|USA based financial institutions and other “creditor” businesses, not-for-profit entities, or government entities with “covered accounts” should be in compliance with — the U.S. Federal Trade Commission’s so-called Red Flags Rule (PDF). |
In general terms, the rule requires creditor organizations to implement, monitor, and periodically revise a written identity theft program to detect and respond to warning signs — or red flags — of customer identity theft. Much of the controversy concerns the definition of creditor organization, which the FTC itself characterizes as broad. Under the rule, a creditor organization is defined as a business entity that “regularly provides goods or services first and allows customers to pay later.” FTC-provided examples range from banks and other financial services institutions to utilities and telecommunications companies to health care providers, lawyers, accountants, and other professionals. The definition also covers organizations “that regularly grant loans, arrange for loans or the extension of credit, or make credit decisions” such as finance companies, mortgage brokers, and automobile dealers or other retailers that offer financing or collect or process credit applications for third-party lenders.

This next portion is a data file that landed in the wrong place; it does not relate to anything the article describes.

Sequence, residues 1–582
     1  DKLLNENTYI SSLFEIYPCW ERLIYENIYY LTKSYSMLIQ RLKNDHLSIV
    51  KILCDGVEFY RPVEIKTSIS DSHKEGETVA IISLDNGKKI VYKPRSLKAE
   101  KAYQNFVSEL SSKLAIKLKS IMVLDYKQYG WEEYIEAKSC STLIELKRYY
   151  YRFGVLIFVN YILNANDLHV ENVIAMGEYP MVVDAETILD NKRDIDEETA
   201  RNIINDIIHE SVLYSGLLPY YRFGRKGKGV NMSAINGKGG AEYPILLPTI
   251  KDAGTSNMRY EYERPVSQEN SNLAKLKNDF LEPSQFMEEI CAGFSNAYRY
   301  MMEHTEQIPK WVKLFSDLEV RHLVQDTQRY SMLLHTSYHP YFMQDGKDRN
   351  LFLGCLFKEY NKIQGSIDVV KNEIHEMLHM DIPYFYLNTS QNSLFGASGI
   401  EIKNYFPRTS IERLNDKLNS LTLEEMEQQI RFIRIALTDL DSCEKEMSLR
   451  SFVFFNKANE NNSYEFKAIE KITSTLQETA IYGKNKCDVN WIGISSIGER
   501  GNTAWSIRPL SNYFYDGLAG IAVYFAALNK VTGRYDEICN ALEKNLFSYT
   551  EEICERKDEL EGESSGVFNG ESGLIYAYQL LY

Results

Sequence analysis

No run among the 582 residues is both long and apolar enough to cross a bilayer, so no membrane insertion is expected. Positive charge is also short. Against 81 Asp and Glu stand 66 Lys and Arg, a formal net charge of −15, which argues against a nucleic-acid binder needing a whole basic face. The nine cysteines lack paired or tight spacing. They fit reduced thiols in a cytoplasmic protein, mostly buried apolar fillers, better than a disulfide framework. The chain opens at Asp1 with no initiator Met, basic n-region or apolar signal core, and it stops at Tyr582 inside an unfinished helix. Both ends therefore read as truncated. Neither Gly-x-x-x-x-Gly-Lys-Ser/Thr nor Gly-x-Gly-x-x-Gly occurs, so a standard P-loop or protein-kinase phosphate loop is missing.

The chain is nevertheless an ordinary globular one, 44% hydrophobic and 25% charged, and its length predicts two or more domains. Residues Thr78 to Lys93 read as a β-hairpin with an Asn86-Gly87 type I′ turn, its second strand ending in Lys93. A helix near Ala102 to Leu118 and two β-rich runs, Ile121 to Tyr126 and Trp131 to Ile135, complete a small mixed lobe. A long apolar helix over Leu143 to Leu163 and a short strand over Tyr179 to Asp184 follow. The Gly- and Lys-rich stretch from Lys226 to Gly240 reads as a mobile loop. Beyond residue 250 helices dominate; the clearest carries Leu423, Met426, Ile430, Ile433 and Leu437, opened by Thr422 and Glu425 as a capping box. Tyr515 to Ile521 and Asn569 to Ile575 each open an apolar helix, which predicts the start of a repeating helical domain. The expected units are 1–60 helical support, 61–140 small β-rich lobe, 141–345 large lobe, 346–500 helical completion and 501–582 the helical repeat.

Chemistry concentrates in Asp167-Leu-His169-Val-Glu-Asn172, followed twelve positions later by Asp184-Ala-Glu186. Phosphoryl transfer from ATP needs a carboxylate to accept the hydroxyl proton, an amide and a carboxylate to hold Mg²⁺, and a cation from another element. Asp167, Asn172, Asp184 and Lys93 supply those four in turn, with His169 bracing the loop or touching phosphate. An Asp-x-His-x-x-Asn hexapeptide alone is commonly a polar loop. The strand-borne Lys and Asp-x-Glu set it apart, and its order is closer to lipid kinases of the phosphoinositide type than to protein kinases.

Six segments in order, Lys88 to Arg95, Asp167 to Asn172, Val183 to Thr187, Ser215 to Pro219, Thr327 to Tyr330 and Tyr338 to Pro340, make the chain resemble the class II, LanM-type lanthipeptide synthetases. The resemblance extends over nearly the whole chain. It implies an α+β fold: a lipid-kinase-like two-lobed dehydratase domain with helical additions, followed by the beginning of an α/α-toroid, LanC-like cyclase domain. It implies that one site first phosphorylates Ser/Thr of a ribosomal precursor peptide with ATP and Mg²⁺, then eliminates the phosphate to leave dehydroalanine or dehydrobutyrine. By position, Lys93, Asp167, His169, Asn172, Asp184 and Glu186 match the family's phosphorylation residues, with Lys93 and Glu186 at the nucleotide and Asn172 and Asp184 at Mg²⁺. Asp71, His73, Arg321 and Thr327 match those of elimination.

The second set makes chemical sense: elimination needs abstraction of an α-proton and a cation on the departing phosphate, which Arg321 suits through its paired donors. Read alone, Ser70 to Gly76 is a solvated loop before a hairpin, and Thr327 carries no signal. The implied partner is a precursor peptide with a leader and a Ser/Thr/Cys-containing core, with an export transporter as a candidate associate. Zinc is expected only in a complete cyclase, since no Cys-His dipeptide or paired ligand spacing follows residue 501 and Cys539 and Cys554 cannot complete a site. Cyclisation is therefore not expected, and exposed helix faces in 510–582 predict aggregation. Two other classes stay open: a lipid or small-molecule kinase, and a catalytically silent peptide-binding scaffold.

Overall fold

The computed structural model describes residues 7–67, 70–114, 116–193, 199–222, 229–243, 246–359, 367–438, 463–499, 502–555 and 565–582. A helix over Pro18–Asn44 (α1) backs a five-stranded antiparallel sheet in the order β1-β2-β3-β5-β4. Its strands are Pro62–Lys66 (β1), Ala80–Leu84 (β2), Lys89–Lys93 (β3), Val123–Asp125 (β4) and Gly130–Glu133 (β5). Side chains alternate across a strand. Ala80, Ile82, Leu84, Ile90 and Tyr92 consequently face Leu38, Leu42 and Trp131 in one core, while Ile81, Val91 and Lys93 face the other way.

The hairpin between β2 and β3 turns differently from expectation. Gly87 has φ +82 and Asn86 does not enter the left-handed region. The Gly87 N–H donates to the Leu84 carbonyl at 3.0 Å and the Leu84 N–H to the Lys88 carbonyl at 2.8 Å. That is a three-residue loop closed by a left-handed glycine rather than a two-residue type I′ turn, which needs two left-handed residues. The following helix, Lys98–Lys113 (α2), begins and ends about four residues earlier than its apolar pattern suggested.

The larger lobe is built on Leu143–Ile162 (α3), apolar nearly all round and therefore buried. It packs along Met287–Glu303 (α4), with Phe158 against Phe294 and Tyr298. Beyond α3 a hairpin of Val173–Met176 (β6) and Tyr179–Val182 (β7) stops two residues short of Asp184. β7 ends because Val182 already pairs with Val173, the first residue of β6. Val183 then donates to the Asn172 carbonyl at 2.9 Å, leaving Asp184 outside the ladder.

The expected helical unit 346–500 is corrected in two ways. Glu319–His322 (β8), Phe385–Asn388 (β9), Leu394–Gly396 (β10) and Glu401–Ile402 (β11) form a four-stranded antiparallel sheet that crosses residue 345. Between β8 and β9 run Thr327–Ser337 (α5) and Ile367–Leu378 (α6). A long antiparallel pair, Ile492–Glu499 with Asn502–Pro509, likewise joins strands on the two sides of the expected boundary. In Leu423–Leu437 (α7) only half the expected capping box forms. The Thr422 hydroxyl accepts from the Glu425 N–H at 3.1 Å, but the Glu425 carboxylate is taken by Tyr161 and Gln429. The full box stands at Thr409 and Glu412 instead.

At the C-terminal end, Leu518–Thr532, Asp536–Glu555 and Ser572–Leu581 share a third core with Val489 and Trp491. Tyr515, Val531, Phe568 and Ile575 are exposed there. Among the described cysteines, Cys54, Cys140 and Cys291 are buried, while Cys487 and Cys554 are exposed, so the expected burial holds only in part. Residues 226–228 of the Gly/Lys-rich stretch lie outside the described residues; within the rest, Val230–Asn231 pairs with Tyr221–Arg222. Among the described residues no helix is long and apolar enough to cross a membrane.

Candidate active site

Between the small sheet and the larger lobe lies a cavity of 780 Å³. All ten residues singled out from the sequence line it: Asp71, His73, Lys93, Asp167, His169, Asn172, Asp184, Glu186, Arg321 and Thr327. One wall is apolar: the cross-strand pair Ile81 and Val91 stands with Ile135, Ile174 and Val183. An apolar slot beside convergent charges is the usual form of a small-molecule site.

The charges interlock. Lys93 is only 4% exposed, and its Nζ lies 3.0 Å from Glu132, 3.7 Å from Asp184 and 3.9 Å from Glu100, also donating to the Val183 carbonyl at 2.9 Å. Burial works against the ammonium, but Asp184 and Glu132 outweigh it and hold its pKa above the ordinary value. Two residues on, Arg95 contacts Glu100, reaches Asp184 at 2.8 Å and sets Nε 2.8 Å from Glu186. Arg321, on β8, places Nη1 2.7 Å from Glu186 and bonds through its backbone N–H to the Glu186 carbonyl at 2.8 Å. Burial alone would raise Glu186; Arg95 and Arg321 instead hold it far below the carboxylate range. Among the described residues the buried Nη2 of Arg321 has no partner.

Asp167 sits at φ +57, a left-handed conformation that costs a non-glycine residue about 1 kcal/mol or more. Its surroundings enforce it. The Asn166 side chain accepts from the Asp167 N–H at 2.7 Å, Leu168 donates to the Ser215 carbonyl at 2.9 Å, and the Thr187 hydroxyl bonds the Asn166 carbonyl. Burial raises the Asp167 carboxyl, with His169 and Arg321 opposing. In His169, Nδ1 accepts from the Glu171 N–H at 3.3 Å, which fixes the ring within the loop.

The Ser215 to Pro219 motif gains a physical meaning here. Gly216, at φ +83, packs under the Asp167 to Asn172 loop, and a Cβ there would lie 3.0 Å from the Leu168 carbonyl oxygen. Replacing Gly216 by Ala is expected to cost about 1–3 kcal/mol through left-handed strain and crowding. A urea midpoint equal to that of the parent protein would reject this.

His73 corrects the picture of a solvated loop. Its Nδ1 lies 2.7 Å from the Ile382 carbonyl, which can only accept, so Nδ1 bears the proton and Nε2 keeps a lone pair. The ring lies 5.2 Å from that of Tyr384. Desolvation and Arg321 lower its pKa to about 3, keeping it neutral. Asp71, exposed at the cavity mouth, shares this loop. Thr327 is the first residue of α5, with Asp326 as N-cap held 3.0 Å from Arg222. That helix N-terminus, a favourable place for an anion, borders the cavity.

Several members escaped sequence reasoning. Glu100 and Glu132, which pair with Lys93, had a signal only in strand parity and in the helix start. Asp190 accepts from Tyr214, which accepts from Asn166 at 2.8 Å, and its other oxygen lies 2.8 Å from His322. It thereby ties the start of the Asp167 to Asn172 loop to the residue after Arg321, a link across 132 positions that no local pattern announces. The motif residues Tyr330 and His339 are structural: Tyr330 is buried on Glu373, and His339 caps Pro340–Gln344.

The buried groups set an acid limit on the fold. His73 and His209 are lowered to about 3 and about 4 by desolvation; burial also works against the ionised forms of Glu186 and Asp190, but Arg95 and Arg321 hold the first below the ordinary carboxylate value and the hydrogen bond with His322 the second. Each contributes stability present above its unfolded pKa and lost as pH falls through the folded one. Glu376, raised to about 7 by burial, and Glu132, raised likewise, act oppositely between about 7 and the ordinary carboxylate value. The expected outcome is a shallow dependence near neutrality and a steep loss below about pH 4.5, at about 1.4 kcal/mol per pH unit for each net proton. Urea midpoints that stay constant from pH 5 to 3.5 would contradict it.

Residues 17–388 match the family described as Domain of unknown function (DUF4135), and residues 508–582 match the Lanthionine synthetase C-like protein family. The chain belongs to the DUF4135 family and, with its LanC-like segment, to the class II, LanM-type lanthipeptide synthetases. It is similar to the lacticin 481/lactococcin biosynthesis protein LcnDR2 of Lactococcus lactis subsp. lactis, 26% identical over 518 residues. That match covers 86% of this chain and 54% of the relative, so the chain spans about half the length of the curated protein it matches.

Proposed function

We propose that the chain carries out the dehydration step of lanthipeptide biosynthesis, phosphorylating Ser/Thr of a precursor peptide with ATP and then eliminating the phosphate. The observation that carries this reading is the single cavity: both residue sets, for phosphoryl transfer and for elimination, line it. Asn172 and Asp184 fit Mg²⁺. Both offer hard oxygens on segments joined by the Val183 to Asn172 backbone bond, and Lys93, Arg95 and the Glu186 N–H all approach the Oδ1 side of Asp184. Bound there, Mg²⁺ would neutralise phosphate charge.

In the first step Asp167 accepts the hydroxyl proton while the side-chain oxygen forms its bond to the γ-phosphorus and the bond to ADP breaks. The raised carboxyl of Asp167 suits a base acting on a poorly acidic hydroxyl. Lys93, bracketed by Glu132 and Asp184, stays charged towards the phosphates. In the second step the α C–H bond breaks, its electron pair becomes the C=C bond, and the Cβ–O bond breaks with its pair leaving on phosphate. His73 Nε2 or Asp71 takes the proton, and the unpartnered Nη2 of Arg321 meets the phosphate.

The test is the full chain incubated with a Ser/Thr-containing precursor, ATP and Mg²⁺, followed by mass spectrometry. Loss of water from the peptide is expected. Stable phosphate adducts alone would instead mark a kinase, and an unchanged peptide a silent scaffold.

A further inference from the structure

Under the regulation, Crowe Horwarth published a white paper on the subject.